7. Golden State Warriors

The rich only got richer this offseason. In addition to locking up Kevin Durant and Stephen Curry for the foreseeable future, Golden State re-signed Andre Iguodala, Shaun Livingston, and Zaza Pachulia, and also added some valuable pieces.

Nick Young has become overshadowed by his Swaggy P alter-ego and propensity for being involved in off-the-court drama, but when Young is hot, he’s one of the best shooters in the league. Additionally, his decision to take a pay cut and sign with Golden State tells me he’s done some growing up and, at this point in his career, he values winning above personal accolades. Getting the 32-year-old Young on a one-year, $5.2 million deal was a steal for the Warriors.

The Warriors also purchased yet another draft pick to snag Oregon’s Jordan Bell, a 6-foot-8 forward with a high basketball IQ who does it all. He wants to be Draymond 2.0.

Though Omri Casspi isn’t a household name, he’s a valuable bench player who agreed to take the veteran minimum. He could turn into another unheralded, undervalued vet who contributes valuable minutes in the NBA Finals.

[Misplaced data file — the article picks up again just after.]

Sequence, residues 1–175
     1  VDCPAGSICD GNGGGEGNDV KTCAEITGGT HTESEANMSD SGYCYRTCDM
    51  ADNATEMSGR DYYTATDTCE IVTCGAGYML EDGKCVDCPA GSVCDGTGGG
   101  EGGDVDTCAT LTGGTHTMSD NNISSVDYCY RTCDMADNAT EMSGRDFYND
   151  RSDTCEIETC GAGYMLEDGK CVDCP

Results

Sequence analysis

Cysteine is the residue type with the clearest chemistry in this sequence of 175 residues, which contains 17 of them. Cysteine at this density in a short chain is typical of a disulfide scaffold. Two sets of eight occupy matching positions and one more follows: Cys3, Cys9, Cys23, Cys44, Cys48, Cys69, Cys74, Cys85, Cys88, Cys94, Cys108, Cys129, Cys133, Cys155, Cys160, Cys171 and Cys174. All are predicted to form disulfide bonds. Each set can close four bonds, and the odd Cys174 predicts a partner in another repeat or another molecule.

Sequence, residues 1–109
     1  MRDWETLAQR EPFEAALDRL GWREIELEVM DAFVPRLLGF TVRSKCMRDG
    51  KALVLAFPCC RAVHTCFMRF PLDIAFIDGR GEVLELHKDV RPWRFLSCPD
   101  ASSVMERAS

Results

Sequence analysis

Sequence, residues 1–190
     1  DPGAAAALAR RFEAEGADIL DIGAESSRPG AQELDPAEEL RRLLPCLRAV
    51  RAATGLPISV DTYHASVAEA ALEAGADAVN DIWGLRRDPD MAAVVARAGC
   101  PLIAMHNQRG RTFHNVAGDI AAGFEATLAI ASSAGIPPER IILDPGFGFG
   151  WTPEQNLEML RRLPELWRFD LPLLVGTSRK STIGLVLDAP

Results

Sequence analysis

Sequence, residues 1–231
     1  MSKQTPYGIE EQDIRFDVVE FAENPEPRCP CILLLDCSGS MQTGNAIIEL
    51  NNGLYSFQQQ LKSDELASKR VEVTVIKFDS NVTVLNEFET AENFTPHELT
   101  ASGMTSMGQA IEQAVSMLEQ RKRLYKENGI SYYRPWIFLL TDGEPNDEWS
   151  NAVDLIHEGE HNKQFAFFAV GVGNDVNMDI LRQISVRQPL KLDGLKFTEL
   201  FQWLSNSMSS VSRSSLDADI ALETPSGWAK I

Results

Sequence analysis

6. Brooklyn Nets

Thanks to foolish management, the Nets have managed to both be terrible and have no exciting young players on the roster in recent years. What we’ve witnessed in Brooklyn has been a rare feat of ineptitude.

But give GM Sean Marks credit: the Nets were desperately in need of a rebuild, and he took sage steps toward achieving that end this summer. The most noteworthy of Marks’ moves was his trade for D’Angelo Russell and Timofey Mozgov.

Russell has had an interesting career, to say the least, and for all the jokes about him being a TMZ beat reporter, he’s shown flashes of brilliance on the court. I think the former No. 2 overall pick could still become an All-Star.

Other great moves for the Nets: holding onto Sean Kilpatrick and flipping Justin Hamilton for DeMarre Carroll’s contract, a first-round pick, and a second-round pick.

See Nos. 5-1 on Page 2